Question #9: In which of the following ways does ozone depletion affect humans?

  1. Increased risk of heart disease

  2. Increased risk of skin cancer

  3. Increased risk of nose cancer

  4. Increased risk of cataracts

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Answer: Increased risk of skin cancer

Increased risk of cataracts

When ozone is depleted, there is not enough ozone present to absorb and reflect harmful UV rays from the sun. This increases risk of skin cancer and cataracts in humans.


Question #10: Which of the following are effects of ozone depletion?

  1. Increasing toxicity in the oceans

  2. Increasing acidity in the air

  3. Decreasing crop yields

  4. Increasing crop yields

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Answer: Decreasing crop yields

Decreasing crop yields is an effect of ozone depletion. This is due to increased UV rays from the sun that damage plant life.


Question #11: Which of the following are effects of ozone depletion?

  1. Threat to wild and marine life

  2. Human structures can be damaged

  3. Cars will be affected

  4. Increasing invasive plant species

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Answer: Threat to wild and marine life

Ozone depletion also affects animals on land and sea.


Question #12: Is there evidence that refrigerants are in the stratosphere?

  1. Yes

  2. No

  3. Inconclusive

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Answer: Yes

Yes, air samples taken from the stratosphere confirm that refrigerants such as CFCs and HCFCs make it to the stratosphere, where they destroy ozone.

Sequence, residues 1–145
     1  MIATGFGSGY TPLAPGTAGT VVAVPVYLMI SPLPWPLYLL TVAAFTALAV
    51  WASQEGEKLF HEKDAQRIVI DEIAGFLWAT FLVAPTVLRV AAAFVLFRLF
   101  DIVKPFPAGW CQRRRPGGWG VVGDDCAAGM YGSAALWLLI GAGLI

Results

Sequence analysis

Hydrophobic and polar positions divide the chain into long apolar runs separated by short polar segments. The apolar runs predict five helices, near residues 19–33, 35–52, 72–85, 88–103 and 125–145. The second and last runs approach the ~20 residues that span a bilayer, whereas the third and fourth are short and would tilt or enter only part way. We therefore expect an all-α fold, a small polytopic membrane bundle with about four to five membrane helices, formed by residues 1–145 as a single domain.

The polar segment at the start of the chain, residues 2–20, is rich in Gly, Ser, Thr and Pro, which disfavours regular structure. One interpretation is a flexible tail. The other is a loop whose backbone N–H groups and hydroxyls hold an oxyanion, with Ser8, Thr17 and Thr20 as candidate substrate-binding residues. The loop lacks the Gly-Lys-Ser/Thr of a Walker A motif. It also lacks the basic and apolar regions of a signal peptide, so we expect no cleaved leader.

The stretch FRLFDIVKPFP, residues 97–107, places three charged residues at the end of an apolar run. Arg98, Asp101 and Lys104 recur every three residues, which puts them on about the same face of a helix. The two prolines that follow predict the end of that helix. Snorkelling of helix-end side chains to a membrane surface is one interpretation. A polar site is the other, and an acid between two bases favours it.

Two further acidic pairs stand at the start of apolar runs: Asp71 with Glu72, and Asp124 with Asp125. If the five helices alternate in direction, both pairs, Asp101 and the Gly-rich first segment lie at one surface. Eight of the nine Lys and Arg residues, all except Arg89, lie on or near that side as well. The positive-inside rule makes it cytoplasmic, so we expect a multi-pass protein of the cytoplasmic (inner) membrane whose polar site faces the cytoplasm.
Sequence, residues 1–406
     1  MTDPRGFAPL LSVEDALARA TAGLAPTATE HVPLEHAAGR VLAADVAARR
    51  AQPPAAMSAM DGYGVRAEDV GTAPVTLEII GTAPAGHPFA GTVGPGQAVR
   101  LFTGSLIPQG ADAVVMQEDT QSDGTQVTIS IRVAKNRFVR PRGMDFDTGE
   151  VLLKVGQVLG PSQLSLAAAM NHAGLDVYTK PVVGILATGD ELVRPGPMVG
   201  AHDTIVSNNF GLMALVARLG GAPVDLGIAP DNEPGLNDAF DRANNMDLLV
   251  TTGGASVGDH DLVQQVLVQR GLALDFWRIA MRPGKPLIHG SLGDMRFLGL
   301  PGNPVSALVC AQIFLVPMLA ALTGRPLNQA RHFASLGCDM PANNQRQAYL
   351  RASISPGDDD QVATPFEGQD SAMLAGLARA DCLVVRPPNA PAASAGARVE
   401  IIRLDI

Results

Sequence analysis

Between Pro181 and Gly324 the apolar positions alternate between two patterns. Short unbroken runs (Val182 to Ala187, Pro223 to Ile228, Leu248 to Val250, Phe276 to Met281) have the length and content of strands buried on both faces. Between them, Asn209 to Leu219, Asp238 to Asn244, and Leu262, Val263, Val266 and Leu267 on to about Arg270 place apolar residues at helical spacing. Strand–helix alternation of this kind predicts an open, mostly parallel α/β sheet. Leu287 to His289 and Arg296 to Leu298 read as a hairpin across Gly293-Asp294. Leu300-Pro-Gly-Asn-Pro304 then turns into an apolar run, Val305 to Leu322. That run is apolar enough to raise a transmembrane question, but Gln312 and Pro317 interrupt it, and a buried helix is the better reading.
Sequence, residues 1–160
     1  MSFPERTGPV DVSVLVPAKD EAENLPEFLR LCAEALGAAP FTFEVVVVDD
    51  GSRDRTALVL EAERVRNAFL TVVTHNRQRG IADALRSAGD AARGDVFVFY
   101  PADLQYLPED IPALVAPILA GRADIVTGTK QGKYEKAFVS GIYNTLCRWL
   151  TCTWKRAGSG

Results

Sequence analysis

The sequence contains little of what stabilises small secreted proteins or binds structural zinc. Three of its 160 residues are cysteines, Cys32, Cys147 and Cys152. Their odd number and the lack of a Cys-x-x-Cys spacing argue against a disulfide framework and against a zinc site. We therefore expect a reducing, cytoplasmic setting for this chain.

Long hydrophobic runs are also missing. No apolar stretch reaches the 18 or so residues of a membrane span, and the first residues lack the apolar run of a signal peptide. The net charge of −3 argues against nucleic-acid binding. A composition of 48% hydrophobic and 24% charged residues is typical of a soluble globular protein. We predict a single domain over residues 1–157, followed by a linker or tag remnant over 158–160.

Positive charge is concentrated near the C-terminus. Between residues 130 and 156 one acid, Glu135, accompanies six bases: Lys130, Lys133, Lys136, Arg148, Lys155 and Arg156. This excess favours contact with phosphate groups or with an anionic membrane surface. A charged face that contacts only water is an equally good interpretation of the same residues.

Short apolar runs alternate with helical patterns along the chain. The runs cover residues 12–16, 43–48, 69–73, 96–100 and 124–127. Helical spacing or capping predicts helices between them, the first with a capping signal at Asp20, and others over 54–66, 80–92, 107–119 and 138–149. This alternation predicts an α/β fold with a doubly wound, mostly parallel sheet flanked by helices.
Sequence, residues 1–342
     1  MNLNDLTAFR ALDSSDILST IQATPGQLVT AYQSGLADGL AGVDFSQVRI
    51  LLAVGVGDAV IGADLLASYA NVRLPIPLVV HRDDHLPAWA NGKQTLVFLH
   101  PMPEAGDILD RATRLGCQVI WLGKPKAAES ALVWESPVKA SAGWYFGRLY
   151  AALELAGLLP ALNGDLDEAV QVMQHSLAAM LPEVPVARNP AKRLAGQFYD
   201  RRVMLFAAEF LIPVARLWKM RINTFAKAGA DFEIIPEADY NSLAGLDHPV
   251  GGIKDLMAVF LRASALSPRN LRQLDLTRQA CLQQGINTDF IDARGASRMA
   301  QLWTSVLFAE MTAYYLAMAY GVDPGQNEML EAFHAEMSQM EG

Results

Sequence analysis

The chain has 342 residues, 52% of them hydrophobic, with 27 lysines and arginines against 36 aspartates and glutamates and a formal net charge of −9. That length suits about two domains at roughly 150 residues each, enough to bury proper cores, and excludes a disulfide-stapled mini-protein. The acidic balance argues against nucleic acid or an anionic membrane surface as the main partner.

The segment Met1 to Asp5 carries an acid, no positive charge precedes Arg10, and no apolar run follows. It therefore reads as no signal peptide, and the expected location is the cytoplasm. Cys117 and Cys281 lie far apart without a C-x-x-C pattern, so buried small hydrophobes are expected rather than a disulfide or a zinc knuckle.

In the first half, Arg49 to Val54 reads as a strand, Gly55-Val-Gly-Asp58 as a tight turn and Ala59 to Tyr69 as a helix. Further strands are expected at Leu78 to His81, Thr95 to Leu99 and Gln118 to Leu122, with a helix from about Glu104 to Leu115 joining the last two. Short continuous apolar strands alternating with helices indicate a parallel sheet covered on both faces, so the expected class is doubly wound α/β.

Question #13: Can chlorine in the stratosphere be from natural sources, such as volcanoes?

  1. Yes, chlorine in the stratosphere is primarily from natural sources such as volcanoes

  2. Yes, chlorine can come from natural sources such as volcanoes, but they are not the primary source

  3. No, all chlorine comes from refrigerants released

  4. There is no chlorine in the stratosphere

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Answer: Yes, chlorine can come from natural sources such as volcanoes, but they are not the primary source

Chlorine is released from natural sources such as volcanoes. But the rise of chlorine in the atmosphere is the refrigerants that have been released.


Question #14: What is the primary source of chlorine in the Stratosphere?

  1. Volcanoes

  2. Natural sources such as earthquakes

  3. Emissions of refrigerant chemicals such as CFCs and HCFCs by humans

  4. There is no chlorine in the stratosphere

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Answer: Emissions of refrigerant chemicals such as CFCs and HCFCs by humans

The primary source of the rise of chlorine in the atmosphere is the refrigerants that have been released by humans.